John Young (left) and Gus Grissom flew on the first crewed Gemini flight, Gemini 3, on March 23, 1965. Here, they’re shown in the spacecraft simulator at the McDonnell plant in St. Louis. One additional “passenger” on the real flight was a corned-beef sandwich that Young smuggled aboard in his pocket.
While John Young, who died on Jan. 5 at age 87 , is famous for his Apollo 16 moonwalks and his role as commander of the first space shuttle mission, the NASA astronaut is also remembered for a small scandal he triggered with a sneaky act: smuggling a corned-beef sandwich into space.
Young slipped the sandwich into his pocket just before launching on Gemini 3 on March 23, 1965. It was the first U.S. mission to carry two astronauts — Young and his crewmate, Gus Grissom . But the Soviets had launched their own two-person mission, Voskhod 2, less than a week earlier, so tensions were already high among politicians when Gemini 3 safely made it to space and efficiently completed its objectives.
The corned-beef sandwich sparked a brief conversation between Young and Grissom, according to the Gemini 3 transcript. The chat lasted for only about a minute of the nearly 6-hour mission.[John Young in Photos: Astronaut, Moonwalker, Shuttle Pioneer ]
“What is it?” Grissom asked. “Corned-beef sandwich,” Young replied. “Where did that come from?” Grissom asked. Answered Young: “I brought it with me. Let’s see how it tastes. Smells, doesn’t it?”
Grissom tasted the sandwich but quickly announced he would stick it back in his pocket because it was starting to break up. Young suggested the sandwich was “a thought … not a very good one.” Replied Grissom: “Pretty good, though, if it would just hold together.”
A corned beef sandwich, embedded in acrylic, is exhibited at the Grissom Memorial Museum in Mitchell, Ind., to “memorialize the infamous sandwich” on Gemini 3.
Credit: Raymond K. Cunningham, Jr. via collectSPACE.com
Shortly after returning home from the mission, Grissom later recounted the taste test for Life magazine. “I took a bite, but crumbs of rye bread started floating all around the cabin,” he said, adding that he and Young enjoyed “the chance to carry out some real ‘firsts’ in spaceflight.” [Space Food Evolution: How Astronaut Chow Has Changed (Photos) ]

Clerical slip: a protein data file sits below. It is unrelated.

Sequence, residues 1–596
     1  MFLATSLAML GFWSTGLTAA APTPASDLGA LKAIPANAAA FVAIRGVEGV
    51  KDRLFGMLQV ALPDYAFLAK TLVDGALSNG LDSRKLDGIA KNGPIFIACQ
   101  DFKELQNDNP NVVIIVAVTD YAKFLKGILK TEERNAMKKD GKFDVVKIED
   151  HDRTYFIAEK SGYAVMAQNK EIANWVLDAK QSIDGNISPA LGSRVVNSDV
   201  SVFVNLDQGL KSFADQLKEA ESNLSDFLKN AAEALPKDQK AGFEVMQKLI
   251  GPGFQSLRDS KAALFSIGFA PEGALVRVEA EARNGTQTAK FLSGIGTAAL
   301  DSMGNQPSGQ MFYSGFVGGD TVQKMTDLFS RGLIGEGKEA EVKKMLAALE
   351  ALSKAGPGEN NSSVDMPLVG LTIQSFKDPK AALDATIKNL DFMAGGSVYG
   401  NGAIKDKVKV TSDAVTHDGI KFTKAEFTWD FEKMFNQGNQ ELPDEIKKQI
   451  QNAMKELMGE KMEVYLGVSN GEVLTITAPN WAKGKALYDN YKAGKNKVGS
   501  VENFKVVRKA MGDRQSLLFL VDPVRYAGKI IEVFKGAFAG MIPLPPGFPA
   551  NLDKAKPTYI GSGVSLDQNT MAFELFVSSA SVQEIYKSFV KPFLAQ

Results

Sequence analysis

But the brief incident sparked a review by the U.S. House of Representatives’ Committee on Appropriations, in which one member of Congress called it “a $30 million sandwich” and politicians cited safety concerns about crumbs interfering with spacecraft operations. Several senior NASA officials, including then-Administrator James Webb, testified at the proceedings.
Young recalled that review in his 2012 memoir “Forever Young”: “Today the theater that took place inside the meeting room that day strikes me as totally comic, but I can assure you that those testifying for NASA at the time were not smiling.”
A frequently cited quote from that meeting comes from George Mueller, then NASA’s associate administrator for manned space flight: “We have taken steps … to prevent recurrence of corned-beef sandwiches in future flights,” he said.
Corned beef flies officially in 1981
The offending sandwich came from a Cocoa Beach, Florida, deli called Wolfie’s Restaurant and Sandwich Shop, at the Ramada Inn. (The chain closed in 2002, according to Space.com partner site collectSPACE .) Noted astronaut prankster Wally Schirra bought the sandwich and gave it to Young, who smuggled it on board in a spacesuit pocket.
For context, early space food (by today’s standards) was pretty bland, with astronauts often needing to suck nutrition out of a pouch. Today, astronauts commonly make their own sandwiches (and even pizzas ) on the International Space Station — but they use tortilla bread to reduce crumbs.
“I didn’t think it was any big deal,” Young wrote in his memoirs of the sandwich, pointing out that one of the mission objectives had been to test NASA food anyway. “It was very common to carry sandwiches — in fact, the corned beef was the third sandwich that had been carried on a spacecraft.”
Corned beef did appear on the menu of the first space shuttle mission in April 1981 — which Young happened to command.
While the infamous sandwich is no longer available to historians, a similar one, preserved in acrylic, is on display at the Grissom Memorial Museum in Mitchell, Indiana.
Chris Kraft was NASA’s flight director during Gemini 3. In his 2001 memoir, “Flight,” Kraft defended the astronauts’ actions. “No matter how brave or focused an astronaut is, there’s a tension in spaceflight that none of us on the ground can truly appreciate. A moment of diversion up there is no bad thing.”
Young added that, in any case, the sandwich was missing some ingredients. “It didn’t even have mustard on it,” he wrote. “And no pickle.”